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Old 11th October 2018, 08:28   #164
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Came across an interesting article on AI.
Looks like AI can be biased.
When it comes to AI, often times, what we construe as bias on their part stems from very logically derived conclusions - sometimes, to a fault.

For example, a team I know from work, develop what are called "generative" AI - basically AI used for "creative" tasks.

You can get a basic idea of this use of AI from the following TED talk.



In any case, not unlike in the presentation, this team was using AI to develop monocoque chassis for passenger vehicles.

They soon started seeing a trend, that the structures being generated were structurally "firm" on only side !

This confused the team a bit, but they soon realised that this asymmetry was manifested in the designs only after constraints from crash testing data had been applied; this is quite common, the search space is "pruned" by specifying constraints, an unpruned search space can get quite unmanageable - even for AI.

I think you would've guessed by now what was happening...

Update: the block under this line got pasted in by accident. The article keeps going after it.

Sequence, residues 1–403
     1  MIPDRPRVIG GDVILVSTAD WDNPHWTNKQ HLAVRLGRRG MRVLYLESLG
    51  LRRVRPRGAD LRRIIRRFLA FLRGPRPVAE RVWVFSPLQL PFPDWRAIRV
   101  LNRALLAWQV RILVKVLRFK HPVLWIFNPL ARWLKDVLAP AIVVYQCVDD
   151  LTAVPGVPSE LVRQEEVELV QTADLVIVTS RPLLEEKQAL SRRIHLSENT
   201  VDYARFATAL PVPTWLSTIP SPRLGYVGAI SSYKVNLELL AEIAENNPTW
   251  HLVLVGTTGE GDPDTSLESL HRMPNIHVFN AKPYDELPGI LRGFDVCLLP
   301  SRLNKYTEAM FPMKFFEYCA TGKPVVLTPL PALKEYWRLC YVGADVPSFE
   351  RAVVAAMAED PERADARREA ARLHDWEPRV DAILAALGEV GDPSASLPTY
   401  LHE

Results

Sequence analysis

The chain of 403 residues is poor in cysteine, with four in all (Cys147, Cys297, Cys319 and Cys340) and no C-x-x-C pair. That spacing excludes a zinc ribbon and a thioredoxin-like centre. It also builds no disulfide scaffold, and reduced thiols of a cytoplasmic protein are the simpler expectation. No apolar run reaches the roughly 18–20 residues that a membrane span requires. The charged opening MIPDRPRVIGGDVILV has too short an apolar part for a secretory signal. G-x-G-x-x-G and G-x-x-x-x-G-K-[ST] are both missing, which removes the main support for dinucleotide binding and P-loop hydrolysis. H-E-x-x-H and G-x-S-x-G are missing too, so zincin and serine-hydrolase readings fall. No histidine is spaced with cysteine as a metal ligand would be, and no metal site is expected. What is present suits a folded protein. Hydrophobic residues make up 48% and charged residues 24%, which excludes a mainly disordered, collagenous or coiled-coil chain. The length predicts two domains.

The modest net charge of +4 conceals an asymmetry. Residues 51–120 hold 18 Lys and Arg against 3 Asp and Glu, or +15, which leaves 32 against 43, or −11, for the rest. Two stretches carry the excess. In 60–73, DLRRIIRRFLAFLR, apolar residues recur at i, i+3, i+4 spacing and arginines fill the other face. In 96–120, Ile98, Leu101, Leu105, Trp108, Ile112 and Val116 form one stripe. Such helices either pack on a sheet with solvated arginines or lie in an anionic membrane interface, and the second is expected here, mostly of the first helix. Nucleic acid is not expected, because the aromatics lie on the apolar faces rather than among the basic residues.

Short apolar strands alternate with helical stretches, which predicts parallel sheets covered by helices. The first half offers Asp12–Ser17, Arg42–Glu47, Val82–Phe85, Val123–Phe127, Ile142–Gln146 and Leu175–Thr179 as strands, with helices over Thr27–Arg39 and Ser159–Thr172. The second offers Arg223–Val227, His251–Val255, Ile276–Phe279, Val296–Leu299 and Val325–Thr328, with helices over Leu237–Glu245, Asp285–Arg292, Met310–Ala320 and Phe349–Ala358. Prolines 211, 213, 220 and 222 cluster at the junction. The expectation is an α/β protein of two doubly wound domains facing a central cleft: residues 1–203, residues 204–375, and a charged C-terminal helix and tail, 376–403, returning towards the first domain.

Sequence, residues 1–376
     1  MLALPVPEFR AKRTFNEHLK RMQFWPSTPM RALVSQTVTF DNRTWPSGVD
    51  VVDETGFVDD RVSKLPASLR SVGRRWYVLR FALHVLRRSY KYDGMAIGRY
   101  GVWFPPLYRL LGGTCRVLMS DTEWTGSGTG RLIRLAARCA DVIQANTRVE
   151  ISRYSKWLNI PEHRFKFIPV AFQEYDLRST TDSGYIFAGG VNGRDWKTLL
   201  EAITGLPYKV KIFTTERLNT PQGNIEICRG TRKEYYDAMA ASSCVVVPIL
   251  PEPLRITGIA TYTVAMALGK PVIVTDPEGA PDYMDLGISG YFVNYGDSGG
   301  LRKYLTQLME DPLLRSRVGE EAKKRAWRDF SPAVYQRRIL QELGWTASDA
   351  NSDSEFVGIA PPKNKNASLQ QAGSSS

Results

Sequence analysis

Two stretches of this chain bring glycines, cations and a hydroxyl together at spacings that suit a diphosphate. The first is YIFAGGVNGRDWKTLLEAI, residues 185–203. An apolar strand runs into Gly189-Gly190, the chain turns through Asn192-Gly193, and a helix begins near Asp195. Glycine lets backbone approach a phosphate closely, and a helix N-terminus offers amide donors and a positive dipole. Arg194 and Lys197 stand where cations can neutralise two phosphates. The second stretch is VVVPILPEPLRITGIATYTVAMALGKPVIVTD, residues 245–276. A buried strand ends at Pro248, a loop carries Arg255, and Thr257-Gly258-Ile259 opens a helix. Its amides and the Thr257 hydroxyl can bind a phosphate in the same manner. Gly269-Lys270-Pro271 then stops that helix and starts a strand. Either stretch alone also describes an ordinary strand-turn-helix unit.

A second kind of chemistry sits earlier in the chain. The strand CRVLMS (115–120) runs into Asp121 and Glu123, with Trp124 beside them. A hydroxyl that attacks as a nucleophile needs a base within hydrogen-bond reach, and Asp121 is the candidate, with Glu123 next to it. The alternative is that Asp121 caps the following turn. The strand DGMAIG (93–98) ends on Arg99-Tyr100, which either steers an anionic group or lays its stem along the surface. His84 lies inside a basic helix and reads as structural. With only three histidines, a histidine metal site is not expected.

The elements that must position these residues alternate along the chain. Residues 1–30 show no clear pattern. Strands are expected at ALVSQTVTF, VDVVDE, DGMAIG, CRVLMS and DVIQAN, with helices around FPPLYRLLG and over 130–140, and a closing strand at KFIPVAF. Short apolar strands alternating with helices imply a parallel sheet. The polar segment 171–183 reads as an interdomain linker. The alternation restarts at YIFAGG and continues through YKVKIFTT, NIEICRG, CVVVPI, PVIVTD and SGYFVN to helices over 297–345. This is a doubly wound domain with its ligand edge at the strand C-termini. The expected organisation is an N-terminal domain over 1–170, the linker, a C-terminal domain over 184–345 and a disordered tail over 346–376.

It turned out, the AI was "optimising" the monocoques by strengthening only the driver's side ( crash testing is almost always carried out on the driver's side ).

The asymmetry in design wasn't some out-of-the-box thinking by the AI, it was just being logical

I'm positive the AI folks at Amazon know pretty well why their AI went the way it did, it definitely wasn't misogynistic bias.

On a more somber note, most human designers "optimise" their designs for crash tests too, that's why the IIHS started carrying out passenger-side crash tests.


~

Last edited by im_srini : 11th October 2018 at 08:38.
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Old 9th November 2018, 18:08   #165
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Default Re: Artificial Intelligence: How far is it?

Anything written by way of explanation will spoil the effect. So, I am just posting the links.

Source